Residents enjoy the new trail on a sunny day.  Joe Viger photo

BETHEL — Inland Woods + Trails, a nonprofit organization dedicated to the building, maintenance and promotion of multi-use recreational trail system in the Bethel region, has created an extension to Grover’s Grind Trail as well as added in a loop and another assistance trail to Millbrook Trail for this winter season.

Volunteers have built two short connectors that connect with Millbrook Trail so people don’t have to cross the road which, Eric Boyle-Wight, operations director at Inland Woods + Trails, said “is better for skiing because you don’t take your skis off and it is one of the beginner trails so it’s going to increase it; it’s gonna be a better experience for beginners.”

The new part of Millbrook Trail is right near the end of the condominiums near The Bethel Inn Resort. The Millbrook Trail goes into the woods, around the outside of the golf course and into the woods, and then comes back across the fairways and back in front of the condominiums.

“So it’ll be just a different intersection, but there’s two or [so] crossings so the walking path and then crossing the road. That’s really hard for skiing,” says Boyle-Wight. “So yeah, we kind of made that adjustment, I say. And then we built a new expert trail farther out which is connecting Grover’s Grind in I-95.”

Grover’s Grind is an intermediate trail.

The additional new trail is called The Skyline, a black diamond trail for experts. It is mostly uphill because of the terrain at the beginning. The views from the top are scenic. It is a panoramic view,” Boyle-Wight said.


“It’s steep near the bottom. [It’s] really going to be for people who want a really hard climb workout.”

“This is really a panoramic view of all the mountains,” said Boyle-Wight. “Pretty much run across the whites and all the way out across Maine. You can see from the top of Grover Hill. You can really see the whole Western and Northern view. So lots! [It’s] quite a deal.”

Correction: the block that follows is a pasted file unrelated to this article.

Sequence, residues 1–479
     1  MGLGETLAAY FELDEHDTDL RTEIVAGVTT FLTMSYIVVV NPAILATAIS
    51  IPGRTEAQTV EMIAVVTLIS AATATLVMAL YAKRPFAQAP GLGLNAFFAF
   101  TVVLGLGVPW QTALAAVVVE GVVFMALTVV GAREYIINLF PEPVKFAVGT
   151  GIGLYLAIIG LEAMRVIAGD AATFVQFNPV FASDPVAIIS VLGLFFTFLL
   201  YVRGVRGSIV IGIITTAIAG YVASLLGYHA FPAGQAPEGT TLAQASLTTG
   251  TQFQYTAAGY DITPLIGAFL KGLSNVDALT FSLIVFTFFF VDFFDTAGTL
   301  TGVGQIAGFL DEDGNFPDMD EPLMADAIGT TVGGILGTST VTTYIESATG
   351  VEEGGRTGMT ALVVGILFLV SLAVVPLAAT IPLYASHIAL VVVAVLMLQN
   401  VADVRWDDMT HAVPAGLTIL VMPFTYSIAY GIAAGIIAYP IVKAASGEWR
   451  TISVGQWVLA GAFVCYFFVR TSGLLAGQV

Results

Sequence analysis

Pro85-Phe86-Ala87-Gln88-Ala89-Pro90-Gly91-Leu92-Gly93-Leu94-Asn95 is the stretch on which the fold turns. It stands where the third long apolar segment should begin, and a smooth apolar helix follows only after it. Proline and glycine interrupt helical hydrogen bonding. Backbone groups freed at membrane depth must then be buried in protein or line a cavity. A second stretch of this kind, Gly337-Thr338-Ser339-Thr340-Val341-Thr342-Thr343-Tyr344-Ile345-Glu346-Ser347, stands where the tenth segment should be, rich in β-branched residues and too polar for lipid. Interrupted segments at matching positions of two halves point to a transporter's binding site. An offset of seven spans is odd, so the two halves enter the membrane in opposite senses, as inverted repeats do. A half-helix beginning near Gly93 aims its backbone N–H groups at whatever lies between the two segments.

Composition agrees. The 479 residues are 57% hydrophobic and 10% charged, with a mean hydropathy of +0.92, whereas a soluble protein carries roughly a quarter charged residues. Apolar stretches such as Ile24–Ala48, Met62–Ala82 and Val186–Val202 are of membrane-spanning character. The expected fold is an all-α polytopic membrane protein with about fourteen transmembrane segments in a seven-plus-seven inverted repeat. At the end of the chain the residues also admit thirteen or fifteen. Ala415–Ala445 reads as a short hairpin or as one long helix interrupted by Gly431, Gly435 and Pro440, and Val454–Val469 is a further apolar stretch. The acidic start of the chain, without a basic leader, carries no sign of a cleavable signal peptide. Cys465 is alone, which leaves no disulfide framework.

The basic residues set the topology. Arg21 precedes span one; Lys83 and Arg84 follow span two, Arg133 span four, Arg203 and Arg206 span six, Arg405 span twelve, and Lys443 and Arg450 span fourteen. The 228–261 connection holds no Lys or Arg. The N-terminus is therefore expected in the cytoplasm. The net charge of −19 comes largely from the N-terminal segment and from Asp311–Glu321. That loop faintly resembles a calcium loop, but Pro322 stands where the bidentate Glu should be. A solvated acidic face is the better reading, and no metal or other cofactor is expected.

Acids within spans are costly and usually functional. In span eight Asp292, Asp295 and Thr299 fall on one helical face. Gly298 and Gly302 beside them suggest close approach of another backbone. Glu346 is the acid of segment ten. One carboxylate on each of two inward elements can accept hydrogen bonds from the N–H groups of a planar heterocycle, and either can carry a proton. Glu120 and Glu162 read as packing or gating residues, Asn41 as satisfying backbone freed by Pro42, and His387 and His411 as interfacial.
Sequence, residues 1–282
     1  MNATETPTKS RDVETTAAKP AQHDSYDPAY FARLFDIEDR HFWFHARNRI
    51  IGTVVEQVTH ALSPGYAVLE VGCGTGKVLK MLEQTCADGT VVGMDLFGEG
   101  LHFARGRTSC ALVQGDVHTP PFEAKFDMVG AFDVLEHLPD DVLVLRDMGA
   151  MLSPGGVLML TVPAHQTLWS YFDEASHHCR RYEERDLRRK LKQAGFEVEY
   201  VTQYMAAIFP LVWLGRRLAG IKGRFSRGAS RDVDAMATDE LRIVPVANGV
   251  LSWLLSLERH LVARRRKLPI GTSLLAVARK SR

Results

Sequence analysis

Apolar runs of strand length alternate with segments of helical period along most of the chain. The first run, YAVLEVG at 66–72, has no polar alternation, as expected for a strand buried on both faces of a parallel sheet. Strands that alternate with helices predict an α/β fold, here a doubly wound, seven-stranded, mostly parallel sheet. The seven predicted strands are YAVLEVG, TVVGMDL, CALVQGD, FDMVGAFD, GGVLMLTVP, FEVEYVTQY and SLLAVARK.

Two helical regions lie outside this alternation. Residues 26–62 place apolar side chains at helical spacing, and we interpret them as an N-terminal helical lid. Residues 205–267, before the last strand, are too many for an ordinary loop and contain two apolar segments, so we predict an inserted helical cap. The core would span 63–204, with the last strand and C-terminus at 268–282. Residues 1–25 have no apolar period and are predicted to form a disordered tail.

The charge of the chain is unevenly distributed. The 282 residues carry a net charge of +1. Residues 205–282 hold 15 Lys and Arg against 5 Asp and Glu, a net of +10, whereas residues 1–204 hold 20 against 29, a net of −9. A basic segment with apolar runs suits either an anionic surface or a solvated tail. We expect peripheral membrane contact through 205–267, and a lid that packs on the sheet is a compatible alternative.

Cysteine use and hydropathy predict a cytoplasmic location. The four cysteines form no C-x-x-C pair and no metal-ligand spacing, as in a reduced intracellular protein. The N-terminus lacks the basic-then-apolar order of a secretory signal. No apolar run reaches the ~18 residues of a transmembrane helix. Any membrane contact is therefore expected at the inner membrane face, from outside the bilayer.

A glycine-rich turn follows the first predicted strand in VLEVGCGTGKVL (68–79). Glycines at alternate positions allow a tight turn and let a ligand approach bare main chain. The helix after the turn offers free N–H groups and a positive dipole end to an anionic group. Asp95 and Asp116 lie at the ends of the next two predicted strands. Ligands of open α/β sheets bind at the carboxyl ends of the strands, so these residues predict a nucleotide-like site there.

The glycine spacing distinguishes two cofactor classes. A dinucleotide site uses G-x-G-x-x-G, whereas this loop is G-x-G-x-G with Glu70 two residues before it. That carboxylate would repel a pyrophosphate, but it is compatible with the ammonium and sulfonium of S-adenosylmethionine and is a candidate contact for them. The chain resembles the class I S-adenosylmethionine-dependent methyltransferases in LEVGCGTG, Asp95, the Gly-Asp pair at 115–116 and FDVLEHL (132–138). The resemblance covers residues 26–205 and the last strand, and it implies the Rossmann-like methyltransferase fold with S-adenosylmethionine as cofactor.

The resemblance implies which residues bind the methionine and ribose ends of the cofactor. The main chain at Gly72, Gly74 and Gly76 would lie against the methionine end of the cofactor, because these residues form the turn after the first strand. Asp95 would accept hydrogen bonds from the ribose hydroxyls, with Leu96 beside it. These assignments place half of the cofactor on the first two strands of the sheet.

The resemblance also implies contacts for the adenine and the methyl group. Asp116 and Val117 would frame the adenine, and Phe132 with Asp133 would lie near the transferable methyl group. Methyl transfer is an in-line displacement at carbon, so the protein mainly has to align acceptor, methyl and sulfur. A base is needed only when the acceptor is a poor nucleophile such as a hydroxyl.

It took two years to build and develop the trails. The majority of them were put in last year. Most of the work was done with the help of Jeremy Nellis and his trail building company, Wundrous Trails. The team removed a lot of rocks on the new trails, fixed up a lot of bridges and spent the summer making the ground smooth. Once it is excavated, they’d like to get hay or mulch down to cover the soil so it doesn’t wash away.

The land was purchased by the Chadbourne Forestlands Conservative Funds. The land is going to be conserved for tree growth

“We have a recreation license to use the trails,” says Boyle-Wight. “And so the trails are actually woods’ roads that were a part of the forest land. So that’s why they’re their roads for wood roads or gravel road for timber harvesting. Oh, and so we were able to quickly get trails just by using the existing roads. Now it’s a conservation … they’ll still be logging to be maintained for a no sustainable forestry, but the roads be maintained for that purpose.”

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